Recently i watched my coworker disassembling a computer using only one tool. Was it the right tool for the job? Yes and no. It was the tool he had… it worked, however, there is definitely more than one tool out there that would have made the task easier! This case is unquestionably one that many fiber optic installers know all too well. As a gentle reminder, how many of you have used your Splicer’s Tool Kit (cable knife/scissors) to eliminate jacketing or even slit a buffer tube and then use the scissors to hack away at the Kevlar? Did you nick the glass? Did you accidentally cut through the glass and need to start over?
Correctly splicing and terminating FTTH cable production line requires special tools and techniques. Training is essential and there are many excellent causes of training available. Do not mix your electrical tools together with your fiber tools. Make use of the right tool for the task! Being experienced in fiber work will become increasingly necessary as the significance of data transmission speeds, fiber to the home and fiber to the premise deployments still increase.
Many factors set fiber installations apart from traditional electrical projects. Fiber optic glass is extremely fragile; it’s nominal outside diameter is 125um. The least scratch, mark or even speck of dirt will change the transmission of light, degrading the signal. Safety is important simply because you work with glass that will sliver into your skin without having to be seen from the eye.
Transmission grade lasers are incredibly dangerous, and require that protective eyewear is a must. This industry has primarily been working with voice and data grade circuits which could tolerate some interruption or decelerate of signal. The person speaking would repeat themselves, or perhaps the data would retransmit. Today we are dealing with IPTV signals and customers who will not tolerate pixelization, or momentary locking from the picture. Each of the situations mentioned are cause of the client to search for another carrier. Each situation might have been avoided if proper attention was presented to the techniques used when preparing, installing, and maintaining optical fiber proof-testing machine.
Having said that, why don’t we review basic fiber preparation? Jacket Strippers are utilized to remove the 1.6 – 3.0mm PVC outer jacket on simplex and duplex fiber cables. Serrated Kevlar Cutters will cut and trim the kevlar strength member directly beneath the jacket and Buffer Strippers will remove the acrylate (buffer) coating through the bare glass. A protective plastic coating is used towards the bare fiber following the drawing process, but prior to spooling. The most common coating is a UV-cured acrylate, that is applied in 2 layers, resulting in a nominal outside diameter of 250um for that coated fiber. The coating is very engineered, providing protection against physical damage due to environmental elements, including temperature and humidity extremes, being exposed to chemicals, point of stress… etc. as well as minimizing optical loss.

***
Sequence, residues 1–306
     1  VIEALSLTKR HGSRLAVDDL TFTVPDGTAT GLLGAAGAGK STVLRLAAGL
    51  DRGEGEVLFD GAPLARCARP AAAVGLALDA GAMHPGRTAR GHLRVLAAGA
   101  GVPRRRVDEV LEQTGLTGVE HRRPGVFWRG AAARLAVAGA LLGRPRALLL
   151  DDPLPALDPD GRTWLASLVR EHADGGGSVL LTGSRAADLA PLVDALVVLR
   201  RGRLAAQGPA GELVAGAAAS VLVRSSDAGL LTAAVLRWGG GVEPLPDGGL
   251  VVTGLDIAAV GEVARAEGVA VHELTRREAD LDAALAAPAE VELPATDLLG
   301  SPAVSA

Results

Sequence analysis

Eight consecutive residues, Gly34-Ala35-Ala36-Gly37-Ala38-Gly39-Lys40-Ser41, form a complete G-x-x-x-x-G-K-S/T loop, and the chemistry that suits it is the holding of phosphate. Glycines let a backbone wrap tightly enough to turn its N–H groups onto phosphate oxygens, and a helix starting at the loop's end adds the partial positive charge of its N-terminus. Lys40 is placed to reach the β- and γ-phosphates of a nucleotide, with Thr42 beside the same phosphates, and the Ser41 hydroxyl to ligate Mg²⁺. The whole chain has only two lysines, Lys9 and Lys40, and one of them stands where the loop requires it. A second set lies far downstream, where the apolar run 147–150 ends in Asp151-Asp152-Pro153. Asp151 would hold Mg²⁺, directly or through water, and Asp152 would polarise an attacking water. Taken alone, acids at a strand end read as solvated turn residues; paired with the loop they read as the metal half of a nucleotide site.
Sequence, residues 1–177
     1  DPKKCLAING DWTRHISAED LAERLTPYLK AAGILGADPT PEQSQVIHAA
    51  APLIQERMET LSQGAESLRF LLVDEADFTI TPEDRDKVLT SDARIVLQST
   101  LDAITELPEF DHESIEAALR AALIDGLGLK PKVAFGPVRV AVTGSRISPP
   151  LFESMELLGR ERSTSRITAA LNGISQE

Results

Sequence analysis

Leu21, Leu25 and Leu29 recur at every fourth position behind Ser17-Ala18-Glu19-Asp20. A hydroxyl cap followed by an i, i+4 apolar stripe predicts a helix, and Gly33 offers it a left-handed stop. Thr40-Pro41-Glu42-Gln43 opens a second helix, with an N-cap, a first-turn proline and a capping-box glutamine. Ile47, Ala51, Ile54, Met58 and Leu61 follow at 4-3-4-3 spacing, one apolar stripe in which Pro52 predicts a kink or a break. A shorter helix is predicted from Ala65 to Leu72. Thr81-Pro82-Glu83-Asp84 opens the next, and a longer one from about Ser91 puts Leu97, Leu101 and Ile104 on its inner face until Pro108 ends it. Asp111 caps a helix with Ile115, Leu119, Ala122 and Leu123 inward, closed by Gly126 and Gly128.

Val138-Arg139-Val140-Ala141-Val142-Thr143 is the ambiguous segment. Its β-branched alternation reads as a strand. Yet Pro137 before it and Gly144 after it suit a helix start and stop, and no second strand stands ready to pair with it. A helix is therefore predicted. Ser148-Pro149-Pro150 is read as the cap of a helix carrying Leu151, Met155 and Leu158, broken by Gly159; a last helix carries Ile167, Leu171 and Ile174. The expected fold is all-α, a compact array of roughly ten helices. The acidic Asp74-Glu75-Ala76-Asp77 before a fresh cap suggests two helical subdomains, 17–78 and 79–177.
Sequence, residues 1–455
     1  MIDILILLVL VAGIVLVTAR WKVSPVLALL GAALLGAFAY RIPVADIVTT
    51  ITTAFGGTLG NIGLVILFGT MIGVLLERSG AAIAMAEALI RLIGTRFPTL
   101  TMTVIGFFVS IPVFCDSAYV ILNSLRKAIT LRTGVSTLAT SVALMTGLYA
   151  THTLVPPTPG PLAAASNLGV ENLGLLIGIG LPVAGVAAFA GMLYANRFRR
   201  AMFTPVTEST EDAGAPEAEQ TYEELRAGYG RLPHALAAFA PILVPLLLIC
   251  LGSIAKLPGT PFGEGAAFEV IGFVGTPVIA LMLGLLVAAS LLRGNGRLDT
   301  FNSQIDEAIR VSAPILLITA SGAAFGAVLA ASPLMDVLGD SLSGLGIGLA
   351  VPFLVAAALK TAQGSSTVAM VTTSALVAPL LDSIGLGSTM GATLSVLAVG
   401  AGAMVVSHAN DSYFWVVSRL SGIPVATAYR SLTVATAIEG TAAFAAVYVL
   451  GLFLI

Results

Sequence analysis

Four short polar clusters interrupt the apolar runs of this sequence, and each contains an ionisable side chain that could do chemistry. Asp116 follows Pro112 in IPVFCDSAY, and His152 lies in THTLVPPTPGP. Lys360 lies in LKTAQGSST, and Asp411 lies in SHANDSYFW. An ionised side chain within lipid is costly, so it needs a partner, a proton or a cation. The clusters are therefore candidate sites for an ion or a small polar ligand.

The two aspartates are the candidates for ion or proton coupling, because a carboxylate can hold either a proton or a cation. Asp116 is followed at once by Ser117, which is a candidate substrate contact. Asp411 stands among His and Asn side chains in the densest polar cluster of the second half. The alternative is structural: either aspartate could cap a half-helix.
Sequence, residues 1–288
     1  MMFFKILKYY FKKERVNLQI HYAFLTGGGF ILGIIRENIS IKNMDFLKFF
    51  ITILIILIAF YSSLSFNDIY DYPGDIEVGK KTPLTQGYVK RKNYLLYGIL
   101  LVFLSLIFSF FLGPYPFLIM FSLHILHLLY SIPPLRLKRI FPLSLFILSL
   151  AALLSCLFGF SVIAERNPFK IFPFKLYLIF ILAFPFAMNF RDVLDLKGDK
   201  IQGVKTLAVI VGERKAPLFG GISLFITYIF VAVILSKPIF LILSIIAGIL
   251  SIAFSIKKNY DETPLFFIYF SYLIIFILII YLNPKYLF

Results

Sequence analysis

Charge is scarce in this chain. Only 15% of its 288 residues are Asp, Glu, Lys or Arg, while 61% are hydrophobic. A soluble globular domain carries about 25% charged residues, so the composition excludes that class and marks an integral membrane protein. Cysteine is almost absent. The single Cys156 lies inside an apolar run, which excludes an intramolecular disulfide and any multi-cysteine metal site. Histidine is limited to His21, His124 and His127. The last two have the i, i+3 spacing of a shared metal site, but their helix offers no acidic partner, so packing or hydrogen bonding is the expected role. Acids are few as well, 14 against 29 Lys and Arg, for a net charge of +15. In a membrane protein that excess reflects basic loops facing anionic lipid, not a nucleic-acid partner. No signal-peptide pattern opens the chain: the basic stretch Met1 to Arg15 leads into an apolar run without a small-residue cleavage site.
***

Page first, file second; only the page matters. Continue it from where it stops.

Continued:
Without one, the manufacturer would struggle to spool the fiber without breaking it. The 250um-coated fiber will be the foundation for most common fiber optic cable constructions. It is usually used as is, particularly when additional mechanical or environmental protection is not needed, like within optical devices or splice closures. For additional physical protection and easy handling, a secondary coating of polyvinyl chloride (PVC) or Hytrel (a thermoplastic elastomer that has desirable characteristics to use as a secondary buffer) is extruded on the 250um-coated fiber, improving the outside diameter up to 900um. This sort of construction is referred to as ‘tight buffered fiber’. Tight Buffered could be single or multi fiber and they are seen in Premise Networks and indoor applications. Multi-fiber, tight-buffered cables often can be used as intra-building, risers, general building and plenum applications.
A ‘Rotary Tool’ or ‘Cable Slitter’ may be used to slit a ring around and through the outer jacketing of ‘loose tube fiber’. As soon as you expose the durable inner buffer tube, you can use a ‘Universal Fiber Access Tool’ which is designed for single central buffer tube entry. Used on the same principle as the Mid Span Access Tool, (which allows accessibility multicolored buffer coated tight buffered fibers) dual blades will slit the tube lengthwise, exposing the buffer coated fibers. Fiber handling tools for instance a spatula or even a lqzgij can help the installer to gain access to the fiber needing testing or repair.
After the damaged fiber is exposed a hand- stripping tool will be utilized to take away the 250um coating in order to work together with the bare fiber. The next step is going to be cleaning the Fiber drawing machine and preparing that it is cleaved. A good cleave is one of the most significant factors of producing a low loss on a splice or perhaps a termination. A Fiber Optic Cleaver is actually a multipurpose tool that measures distance from your end of the buffer coating to the point where it will likely be joined and it precisely cuts the glass. Remember to employ a fiber trash-can for the scraps of glass cleaved from the fiber cable.